Submitted by admin on Mon, 10/13/2014 - 14:09
In England, Wales and Northern Ireland, all state schools must have a governing body, consisting (depending on the type and size of school) of specified numbers of various categories of governors – including parents, staff members, local authority representatives, members of the local community, and of any sponsor involved.
Submitted by admin on Tue, 09/30/2014 - 11:53
One of the most hotly debated topics in education today concerns the gradual decline of traditional teaching methods, such as lecturing, in favour of more pupil-centred methods, which focus more on group work/discussion.
Submitted by admin on Tue, 09/30/2014 - 09:52
The question about whether increased school resources have positive effects on children’s attainment is one of the most debated in both education policy circles and the academic community. Yet it is a very difficult question to study. Simple correlations between resources and attainment are likely to be biased, but the direction of the bias is not clear-cut.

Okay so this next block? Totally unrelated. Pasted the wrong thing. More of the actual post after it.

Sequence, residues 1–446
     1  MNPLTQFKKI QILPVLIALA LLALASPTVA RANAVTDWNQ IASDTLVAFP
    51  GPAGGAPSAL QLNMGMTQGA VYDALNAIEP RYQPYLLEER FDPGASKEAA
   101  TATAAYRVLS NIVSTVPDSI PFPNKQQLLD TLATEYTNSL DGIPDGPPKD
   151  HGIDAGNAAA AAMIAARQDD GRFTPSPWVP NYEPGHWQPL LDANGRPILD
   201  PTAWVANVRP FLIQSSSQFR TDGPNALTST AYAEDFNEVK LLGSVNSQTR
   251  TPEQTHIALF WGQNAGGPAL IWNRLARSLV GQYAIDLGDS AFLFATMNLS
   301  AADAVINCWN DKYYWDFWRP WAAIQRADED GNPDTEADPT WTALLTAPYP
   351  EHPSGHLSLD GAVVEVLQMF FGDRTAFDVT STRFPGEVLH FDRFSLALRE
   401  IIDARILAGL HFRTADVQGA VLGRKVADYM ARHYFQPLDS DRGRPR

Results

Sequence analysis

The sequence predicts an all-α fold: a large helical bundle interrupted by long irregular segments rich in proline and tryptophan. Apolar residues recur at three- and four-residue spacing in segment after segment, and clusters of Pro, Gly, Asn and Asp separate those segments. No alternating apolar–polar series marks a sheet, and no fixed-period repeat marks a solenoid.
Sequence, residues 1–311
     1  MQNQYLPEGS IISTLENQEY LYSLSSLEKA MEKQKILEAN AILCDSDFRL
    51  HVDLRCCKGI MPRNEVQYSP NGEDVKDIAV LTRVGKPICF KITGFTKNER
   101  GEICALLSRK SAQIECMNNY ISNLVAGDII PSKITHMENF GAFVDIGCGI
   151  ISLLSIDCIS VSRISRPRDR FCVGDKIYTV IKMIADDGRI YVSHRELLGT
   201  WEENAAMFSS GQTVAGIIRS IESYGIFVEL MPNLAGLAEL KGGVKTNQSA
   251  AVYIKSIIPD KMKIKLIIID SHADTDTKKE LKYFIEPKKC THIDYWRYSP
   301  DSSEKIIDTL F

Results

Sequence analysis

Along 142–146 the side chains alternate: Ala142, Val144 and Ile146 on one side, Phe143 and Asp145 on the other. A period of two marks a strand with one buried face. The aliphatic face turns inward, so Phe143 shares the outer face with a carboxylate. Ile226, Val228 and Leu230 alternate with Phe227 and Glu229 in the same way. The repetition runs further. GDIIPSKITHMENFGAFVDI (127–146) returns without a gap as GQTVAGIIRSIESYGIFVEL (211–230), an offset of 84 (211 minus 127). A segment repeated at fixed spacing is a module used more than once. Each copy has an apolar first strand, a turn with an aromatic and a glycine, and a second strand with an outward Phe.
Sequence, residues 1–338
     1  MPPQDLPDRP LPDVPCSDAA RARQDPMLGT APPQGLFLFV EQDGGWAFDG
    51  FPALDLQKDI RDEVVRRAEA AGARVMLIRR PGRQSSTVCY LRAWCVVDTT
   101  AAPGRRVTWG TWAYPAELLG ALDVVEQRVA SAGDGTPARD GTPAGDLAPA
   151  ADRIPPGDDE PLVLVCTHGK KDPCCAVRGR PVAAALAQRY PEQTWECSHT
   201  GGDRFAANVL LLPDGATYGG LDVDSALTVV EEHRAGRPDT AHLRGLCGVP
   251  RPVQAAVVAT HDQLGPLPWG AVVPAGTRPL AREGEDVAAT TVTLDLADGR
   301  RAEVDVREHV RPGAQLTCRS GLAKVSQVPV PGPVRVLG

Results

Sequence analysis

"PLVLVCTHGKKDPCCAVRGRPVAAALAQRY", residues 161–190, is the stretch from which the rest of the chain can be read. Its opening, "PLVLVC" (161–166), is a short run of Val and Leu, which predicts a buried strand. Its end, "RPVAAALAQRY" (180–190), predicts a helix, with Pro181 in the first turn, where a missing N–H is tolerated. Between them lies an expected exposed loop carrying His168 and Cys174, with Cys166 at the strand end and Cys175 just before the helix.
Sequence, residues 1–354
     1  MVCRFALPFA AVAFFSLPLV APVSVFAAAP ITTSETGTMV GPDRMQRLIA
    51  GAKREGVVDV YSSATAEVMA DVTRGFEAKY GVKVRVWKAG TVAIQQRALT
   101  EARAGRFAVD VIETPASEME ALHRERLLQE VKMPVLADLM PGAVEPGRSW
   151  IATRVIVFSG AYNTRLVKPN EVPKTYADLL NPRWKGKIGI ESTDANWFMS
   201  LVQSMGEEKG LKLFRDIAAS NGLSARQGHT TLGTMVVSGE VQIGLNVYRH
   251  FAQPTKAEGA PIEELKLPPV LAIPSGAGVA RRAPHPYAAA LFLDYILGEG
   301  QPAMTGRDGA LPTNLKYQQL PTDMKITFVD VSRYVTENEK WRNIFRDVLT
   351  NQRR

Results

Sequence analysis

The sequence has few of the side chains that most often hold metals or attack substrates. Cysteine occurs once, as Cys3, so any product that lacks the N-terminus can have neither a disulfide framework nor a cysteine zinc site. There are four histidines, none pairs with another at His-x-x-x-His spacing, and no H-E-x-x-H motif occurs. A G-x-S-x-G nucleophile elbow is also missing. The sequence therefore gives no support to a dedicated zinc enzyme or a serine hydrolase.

Submitted by admin on Wed, 07/16/2014 - 09:19
The issue of teacher pay is controversial worldwide. Some argue that higher pay is necessary if we are to increase the status of teachers, and thus recruit, retain and motivate more high-ability individuals in the profession. However, others claim that higher pay across the board is not an efficient way to improve outcomes.
Submitted by admin on Thu, 06/12/2014 - 13:58
Charter schools are a controversial topic in America. Since their start in 1992, they now serve about 2 million pupils with the number of schools totalling more than 6,000 in 40 states. But do they work? Research thus far has focused heavily on test scores, although some have also evaluated the effects on graduation rates and college attendance.